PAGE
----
A Few Signs Of Improvement For The Capitals

It’s tough to talk about signs of improvement when a team is 9-11-3, but facts are facts. The Capitals are most definitely (finally) showing some signs of crawling out of the crater they created for themselves at the beginning of the season.

While wins and losses rule all other stats, there are certain stats that provide insight as to how a team is performing, overall. Here are a few key stats that reflect an overall improving trend for the team, even without Dmitry Orlov, Tom Wilson and Nicklas Backstrom.

[The statistics used in this post are courtesy of Natural Stat Trick. If you’d like to learn more about the statistical terms used in this post, please check out our NHL Analytics Glossary.]

Shots Per Game Average Differential

Other than goals, the most basic of stats is shots. Shots for and shots against tell us how a team is doing in total. The following plots the Capitals differential in shots for and and against averages (SF/GM-avg – SA/GM-avg) for the first quarter of the season.  [Click to enlarge]

The Capitals differential in ‘shots for’ per game average and ‘shots against’ per game average has been steadily improving since a season-low on November 1. In fact, they have been outshooting opponents by a significant margin in their last handful of games. Something to keep an eye on as we go through the Pacific Northwest slate of games.

Scoring Chances For Percentage

Scoring chances for percentage simply provides a percentage of the team’s scoring chances in relation to the opposition’s scoring chances. Anything over 50% means a team is generating more scoring chances than the opposition. [Click to enlarge].

The Capitals recently crossed over the 50% threshold and their scoring chances for percentage continues to climb. In general, if you are creating more scoring chances than your opposition, the wins will come over the long haul.

Expected Goals For Percentage

Another key metric to track during any season is expected goals for percentage. In short, the metric gauges shot potential (expected goals) for every shot attempt taken by a team. Again, anything over 50% means the Capitals are generating more expected goals than the opposition.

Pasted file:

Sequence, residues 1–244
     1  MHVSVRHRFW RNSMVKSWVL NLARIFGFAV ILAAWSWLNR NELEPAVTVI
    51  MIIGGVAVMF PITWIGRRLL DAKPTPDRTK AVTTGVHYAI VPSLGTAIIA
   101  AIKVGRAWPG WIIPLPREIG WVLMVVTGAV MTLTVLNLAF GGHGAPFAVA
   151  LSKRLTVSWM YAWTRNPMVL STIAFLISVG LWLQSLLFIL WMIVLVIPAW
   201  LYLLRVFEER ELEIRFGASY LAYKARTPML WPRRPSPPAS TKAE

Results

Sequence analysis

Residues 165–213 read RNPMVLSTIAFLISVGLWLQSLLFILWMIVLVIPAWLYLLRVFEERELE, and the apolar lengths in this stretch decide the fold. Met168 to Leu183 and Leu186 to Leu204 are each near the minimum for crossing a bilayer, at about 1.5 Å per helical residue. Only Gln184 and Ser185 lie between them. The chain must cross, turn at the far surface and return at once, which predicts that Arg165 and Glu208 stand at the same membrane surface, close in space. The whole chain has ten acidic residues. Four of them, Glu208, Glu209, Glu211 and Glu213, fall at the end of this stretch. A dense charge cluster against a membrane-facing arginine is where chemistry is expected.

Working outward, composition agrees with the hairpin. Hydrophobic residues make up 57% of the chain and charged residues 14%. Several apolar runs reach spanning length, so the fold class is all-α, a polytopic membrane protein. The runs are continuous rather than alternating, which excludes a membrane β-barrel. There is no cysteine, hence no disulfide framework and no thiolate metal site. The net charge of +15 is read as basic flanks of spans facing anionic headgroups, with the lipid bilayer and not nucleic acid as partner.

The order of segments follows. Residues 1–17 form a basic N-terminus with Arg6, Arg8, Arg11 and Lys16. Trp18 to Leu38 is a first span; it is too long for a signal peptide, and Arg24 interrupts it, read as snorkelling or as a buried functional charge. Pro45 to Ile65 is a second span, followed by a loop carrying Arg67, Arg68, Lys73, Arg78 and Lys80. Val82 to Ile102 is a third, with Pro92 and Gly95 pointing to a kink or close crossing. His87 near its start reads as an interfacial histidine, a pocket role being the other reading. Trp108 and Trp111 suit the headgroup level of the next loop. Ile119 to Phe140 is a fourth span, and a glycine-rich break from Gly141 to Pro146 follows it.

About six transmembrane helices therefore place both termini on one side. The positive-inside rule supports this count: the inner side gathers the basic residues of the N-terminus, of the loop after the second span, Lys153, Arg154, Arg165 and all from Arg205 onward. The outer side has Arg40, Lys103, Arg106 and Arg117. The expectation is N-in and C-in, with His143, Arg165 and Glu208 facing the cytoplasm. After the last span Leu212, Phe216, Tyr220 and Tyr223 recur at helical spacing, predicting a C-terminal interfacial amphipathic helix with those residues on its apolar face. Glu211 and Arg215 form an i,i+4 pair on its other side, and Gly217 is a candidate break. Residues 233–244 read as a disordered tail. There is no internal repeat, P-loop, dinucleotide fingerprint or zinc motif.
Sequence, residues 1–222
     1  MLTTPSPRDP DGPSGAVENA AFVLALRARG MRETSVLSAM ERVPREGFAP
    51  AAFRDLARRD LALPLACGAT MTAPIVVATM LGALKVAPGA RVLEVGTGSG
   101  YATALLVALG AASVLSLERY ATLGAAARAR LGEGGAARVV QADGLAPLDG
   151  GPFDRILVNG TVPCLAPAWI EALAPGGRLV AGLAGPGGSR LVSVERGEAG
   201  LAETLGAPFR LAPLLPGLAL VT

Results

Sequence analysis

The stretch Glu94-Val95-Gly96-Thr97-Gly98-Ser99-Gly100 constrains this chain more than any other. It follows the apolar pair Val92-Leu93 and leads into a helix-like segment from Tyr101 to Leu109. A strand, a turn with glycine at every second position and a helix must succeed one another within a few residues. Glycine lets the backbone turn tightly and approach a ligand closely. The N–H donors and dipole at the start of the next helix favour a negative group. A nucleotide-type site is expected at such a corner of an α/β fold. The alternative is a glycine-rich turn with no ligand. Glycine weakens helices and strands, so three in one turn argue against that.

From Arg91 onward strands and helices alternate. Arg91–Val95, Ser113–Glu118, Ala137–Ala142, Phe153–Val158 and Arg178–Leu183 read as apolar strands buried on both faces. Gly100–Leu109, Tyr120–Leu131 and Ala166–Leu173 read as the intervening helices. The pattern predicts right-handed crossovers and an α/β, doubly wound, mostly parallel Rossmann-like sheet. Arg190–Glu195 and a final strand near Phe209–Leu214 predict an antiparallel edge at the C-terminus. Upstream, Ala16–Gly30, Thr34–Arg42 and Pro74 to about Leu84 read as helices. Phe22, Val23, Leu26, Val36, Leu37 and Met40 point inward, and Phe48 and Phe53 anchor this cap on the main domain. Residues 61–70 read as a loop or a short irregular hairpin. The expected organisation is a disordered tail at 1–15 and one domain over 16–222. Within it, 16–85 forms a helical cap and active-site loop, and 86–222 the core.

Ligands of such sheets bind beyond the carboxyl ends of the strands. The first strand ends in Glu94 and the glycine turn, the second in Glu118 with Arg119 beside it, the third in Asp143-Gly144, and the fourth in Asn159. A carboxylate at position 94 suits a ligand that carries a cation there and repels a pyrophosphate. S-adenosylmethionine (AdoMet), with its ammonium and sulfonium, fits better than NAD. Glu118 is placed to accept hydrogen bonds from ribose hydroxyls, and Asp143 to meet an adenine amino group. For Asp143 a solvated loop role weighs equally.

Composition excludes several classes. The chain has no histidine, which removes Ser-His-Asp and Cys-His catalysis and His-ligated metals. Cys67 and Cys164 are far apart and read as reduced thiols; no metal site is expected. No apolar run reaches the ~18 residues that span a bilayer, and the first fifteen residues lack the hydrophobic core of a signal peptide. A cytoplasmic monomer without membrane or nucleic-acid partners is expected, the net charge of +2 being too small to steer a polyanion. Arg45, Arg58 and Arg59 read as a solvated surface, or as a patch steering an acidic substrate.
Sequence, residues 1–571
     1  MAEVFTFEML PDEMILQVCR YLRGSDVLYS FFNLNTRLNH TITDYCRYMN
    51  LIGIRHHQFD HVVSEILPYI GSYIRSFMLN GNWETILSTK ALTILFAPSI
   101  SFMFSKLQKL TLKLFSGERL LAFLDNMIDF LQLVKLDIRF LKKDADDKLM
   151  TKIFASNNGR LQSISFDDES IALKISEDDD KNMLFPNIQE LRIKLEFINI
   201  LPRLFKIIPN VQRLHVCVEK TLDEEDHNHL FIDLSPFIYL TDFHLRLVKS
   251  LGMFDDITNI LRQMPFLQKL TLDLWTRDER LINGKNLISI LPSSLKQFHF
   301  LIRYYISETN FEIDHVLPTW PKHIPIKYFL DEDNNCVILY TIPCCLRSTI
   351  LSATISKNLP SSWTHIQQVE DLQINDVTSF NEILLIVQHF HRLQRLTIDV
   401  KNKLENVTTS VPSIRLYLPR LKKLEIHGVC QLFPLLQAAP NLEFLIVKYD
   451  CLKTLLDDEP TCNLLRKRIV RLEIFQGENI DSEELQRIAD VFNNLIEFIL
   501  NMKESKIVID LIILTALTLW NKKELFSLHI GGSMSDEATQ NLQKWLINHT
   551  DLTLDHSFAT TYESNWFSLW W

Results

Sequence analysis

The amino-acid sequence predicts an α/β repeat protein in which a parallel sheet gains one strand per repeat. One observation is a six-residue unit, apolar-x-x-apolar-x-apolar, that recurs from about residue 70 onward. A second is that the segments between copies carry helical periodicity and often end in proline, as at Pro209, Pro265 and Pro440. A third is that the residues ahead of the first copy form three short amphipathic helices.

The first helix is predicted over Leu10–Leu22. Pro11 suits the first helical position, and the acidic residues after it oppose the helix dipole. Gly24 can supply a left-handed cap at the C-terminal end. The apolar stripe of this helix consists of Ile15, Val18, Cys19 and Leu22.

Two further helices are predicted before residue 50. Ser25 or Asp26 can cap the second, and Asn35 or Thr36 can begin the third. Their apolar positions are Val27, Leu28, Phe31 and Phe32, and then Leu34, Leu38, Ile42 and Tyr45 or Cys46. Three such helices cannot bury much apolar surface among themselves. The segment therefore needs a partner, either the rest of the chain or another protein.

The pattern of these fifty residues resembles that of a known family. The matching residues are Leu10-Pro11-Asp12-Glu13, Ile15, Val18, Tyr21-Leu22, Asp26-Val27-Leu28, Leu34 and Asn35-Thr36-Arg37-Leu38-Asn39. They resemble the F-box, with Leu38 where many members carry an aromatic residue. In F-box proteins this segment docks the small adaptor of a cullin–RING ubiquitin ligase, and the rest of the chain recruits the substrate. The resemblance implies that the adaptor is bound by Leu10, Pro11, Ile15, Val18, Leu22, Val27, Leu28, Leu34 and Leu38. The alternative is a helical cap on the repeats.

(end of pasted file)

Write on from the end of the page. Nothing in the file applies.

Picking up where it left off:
While the team remains below 50% for the season, the trajectory of their expected goals for trend is positive and projects to pass 50% in the coming games.


The aforementioned stats are just a few of the primary metrics that indicate an overall improving trend with the team. It’s true that they will need to convert the stats into wins, but that should come.

We’ve mentioned before, but it bears repeating. The Capitals most difficult part of their 2022-23 schedule is in the first half of the season. It’s unfortunate that the difficult part of the schedule coincides with key injuries, but it is what it is. They need to just hang on and be in the mix come January when injured players begin returning and the schedule eases.

By Jon Sorensen

About Jon Sorensen

Jon has been a Caps fan since day one, attending his first game at the Capital Centre in 1974. His interest in the Caps has grown over the decades and included time as a season ticket holder. He has been a journalist covering the team for 10+ years, primarily focusing on analysis, analytics and prospect development.
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13 Responses to A Few Signs Of Improvement For The Capitals

  1. Anonymous says:

    Encouraging. They’ve converted to wins recently, but they need to keep that up.

  2. Anonymous says:

    The schedule has been brutal. Good to hear easier days are ahead.

  3. Mark Eiben says:

    I won’t be surprised if they lose to Vancouver tomorrow. Canucks are finally hitting their stride right now.

  4. Anonymous says:

    Good to see the underlying stats improve. I wonder how much the influx of new players getting used to a new team has also contributed to a slow start. It takes a while to build top six chemistry to the point you can just execute the plays without thinking.

    • Jon Sorensen says:

      That’s the million dollar question, how much of a boost will they get and how much will they need to makeup when key players return.

      • Anonymous says:

        Worst case scenario we end up like the Islanders last year whose season was lost due to that weird lengthy road trip and Covid early. If that happens maybe trade out a few expiring contracts, get a higher pick than usual, resign Strome and Milano if his play holds up. (I also quite like Gustafson, wouldn’t mind if he was back). See who in Hershey is ready to go. As a fan, that sounds pretty fun and interesting as far as retools goes 😅

        • Jon Sorensen says:

          I thought of the Islanders as well. Their season was over from the start. Most of it out of their control (long road trip to start, etc.). But I don’t think it’s over for the Caps.

  5. novafyre says:

    As the late great John McKay said, “Three or four plane crashes and we’re in the playoffs.”

  6. Anonymous says:

    Baby steps.

  7. Anonymous says:

    The “eye test” says they are generating more shots, getting a better push in the last few games.

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